Asia hit by WannaCry virus at week’s start, disrupting govt services & business
Asian governments and businesses continued to be disrupted by the WannaCry ransomware on Monday, the media reported, citing officials. China, Japan, South Korea, and India have all seen an impact from the computer virus epidemic that erupted on Friday.
Some Chinese government sectors, including traffic, police, immigration, social security, and industry, were also hit by the virus, Reuters reported, citing microblogs.
AP cited Chinese state media as saying that some 29,372 institutions have been affected by the virus so far.
Oil and gas company PetroChina said some of its stations were affected, but the company has already restored the majority of its systems.
“The growth rate of infected institutions has slowed significantly on Monday compared to the previous two days,” Chinese Internet security company Qihoo 360 said, as cited by Reuters. “Previous concerns of a wide-scale infection of domestic institutions did not eventuate.”
The virus is still spreading, affecting industry and government computer systems, but slowly, Cybersecurity Administration China (CAC) said, as cited by the Chinese media.
Tim Wellsmore, director of threat intelligence, Asia Pacific. at cybersecurity firm FireEye Inc., says his company is examining the victims’ profiles.
“We’re still seeing a lot of victims in the Asia-Pacific region. But it is a global campaign, it’s not targeted,” he said, as cited by Reuters.
Hong-Kong has been no exception – it was also hit by the WannaCry virus, which is spread mostly via e-mail. According to Michael Gazeley, managing director and co-founder of Network Box Corporation, there are still “many ‘landmines’ waiting in people’s in-boxes” in the region.
“If a system supports some kind critical processes, those systems typically are very hard to patch... We don’t have a precedent from something of this scale [in China],” Marin Ivezic, a cybersecurity expert at PwC in Hong Kong, told Reuters.
Two computer breaches took place in Japan on Sunday, Japan’s National Police Agency reported, as cited by the Japanese media. One case affected a hospital, and the other a personal computer.
The virus disrupted the work of at least 2,000 computers at 600 locations in Japan on Saturday, Japan’s Computer Emergency Response Team Coordination Center said, as cited by Nikkei newspaper.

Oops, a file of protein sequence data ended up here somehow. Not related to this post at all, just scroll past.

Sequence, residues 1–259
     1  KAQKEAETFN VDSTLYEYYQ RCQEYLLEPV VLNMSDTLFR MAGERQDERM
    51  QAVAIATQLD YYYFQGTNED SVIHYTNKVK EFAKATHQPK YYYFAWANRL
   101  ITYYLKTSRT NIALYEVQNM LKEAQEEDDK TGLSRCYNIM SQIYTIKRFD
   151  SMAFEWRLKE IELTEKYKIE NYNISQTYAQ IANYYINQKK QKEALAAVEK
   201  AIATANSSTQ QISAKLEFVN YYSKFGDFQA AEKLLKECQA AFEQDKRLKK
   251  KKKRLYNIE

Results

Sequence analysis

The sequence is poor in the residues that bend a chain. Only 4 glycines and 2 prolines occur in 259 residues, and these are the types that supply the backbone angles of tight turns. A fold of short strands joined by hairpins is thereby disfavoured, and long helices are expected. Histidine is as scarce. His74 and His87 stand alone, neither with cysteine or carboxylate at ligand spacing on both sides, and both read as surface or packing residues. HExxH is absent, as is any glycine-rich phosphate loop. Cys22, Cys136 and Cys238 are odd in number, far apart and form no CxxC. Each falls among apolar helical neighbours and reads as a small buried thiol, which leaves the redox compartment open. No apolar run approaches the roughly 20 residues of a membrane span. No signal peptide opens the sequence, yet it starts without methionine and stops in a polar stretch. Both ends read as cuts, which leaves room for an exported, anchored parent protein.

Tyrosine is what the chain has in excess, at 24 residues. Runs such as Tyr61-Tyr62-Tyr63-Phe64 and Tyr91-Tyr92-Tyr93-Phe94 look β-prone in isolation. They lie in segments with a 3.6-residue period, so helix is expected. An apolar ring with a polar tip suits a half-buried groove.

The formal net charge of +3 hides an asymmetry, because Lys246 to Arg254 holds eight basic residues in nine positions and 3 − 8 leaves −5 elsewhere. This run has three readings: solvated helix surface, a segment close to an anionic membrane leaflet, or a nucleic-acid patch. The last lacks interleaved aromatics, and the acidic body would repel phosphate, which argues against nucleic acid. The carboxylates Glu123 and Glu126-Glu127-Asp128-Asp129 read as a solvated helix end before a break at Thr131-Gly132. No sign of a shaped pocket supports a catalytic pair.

Electronics giant Hitachi admitted on Monday that its in-house computer system may have been affected, including at its head office in Tokyo.
Also on Monday, a major South Korean theater chain, CJ CGV, said that some 50 of its theatres had been affected by the malware, Yonhap news agency reported.
“Movies are played by a separate server,” the official said, adding “we plan to normalize the situation as soon as possible.”
At least five South Korean firms reported that the virus had damaged their computers, the Korea Internet & Security Agency said.
The virus prompted the Indian government to shut down hundreds of ATMs in a bid to escape the attack, the country’s Ministry of Home Affairs said, as cited by the India Today.
Public awareness is “absolutely critical for preventing cyberattacks,” Neil Walsh, the head of the Global Program on Cybercrime launched by the UN Office on Drugs and Crime (UNODC), told RT. “Such threats could theoretically be averted if the public is aware of what a cyberattack looks like and is [cautious] with opening emails and especially emails with attachments that they were not expecting to get,” he said.
At the same time, he warned that the WannaCry ransomware could potentially “propagate further” as people around the world got back to work Monday.
“A challenge with any ransomware or cyberattack is that when people come back to work they turn on potentially insecure systems, which are not updated with the latest security patches. Perhaps, they are unaware of how this threat arises through email or opening attachments,” Walsh said.
He went on to call on all countries to join their efforts in combating cyberthreats “irrespective of politics and politicizing.” He also urged the governments to “use law enforcement channels such as Interpol, Europol and bilateral cooperation as well as to work together politically to help to mitigate these threats.”
On Sunday, Europol Director Rob Wainwright told the ITV network that the cyberattack that began on Friday has hit some 200,000 victims in over 150 countries so far.
“The global reach is unprecedented. The latest count is over 200,000 victims in at least 150 countries, and those victims, many of those will be businesses, including large corporations,” he said.
“At the moment, we are in the face of an escalating threat. The numbers are going up; I am worried about how the numbers will continue to grow when people go to work and turn [on] their machines on Monday morning,” he added.
Tech giant Microsoft recently lashed out at NSA for the role it played in the chain of events that led to the recent WannaCry epidemic.
“We have seen vulnerabilities stored by the CIA show up on WikiLeaks, and now this vulnerability stolen from the NSA has affected customers around the world,” Microsoft President and Chief Legal Officer Brad Smith said in a blog post on Sunday.
“This attack provides yet another example of why the stockpiling of vulnerabilities by governments is such a problem.”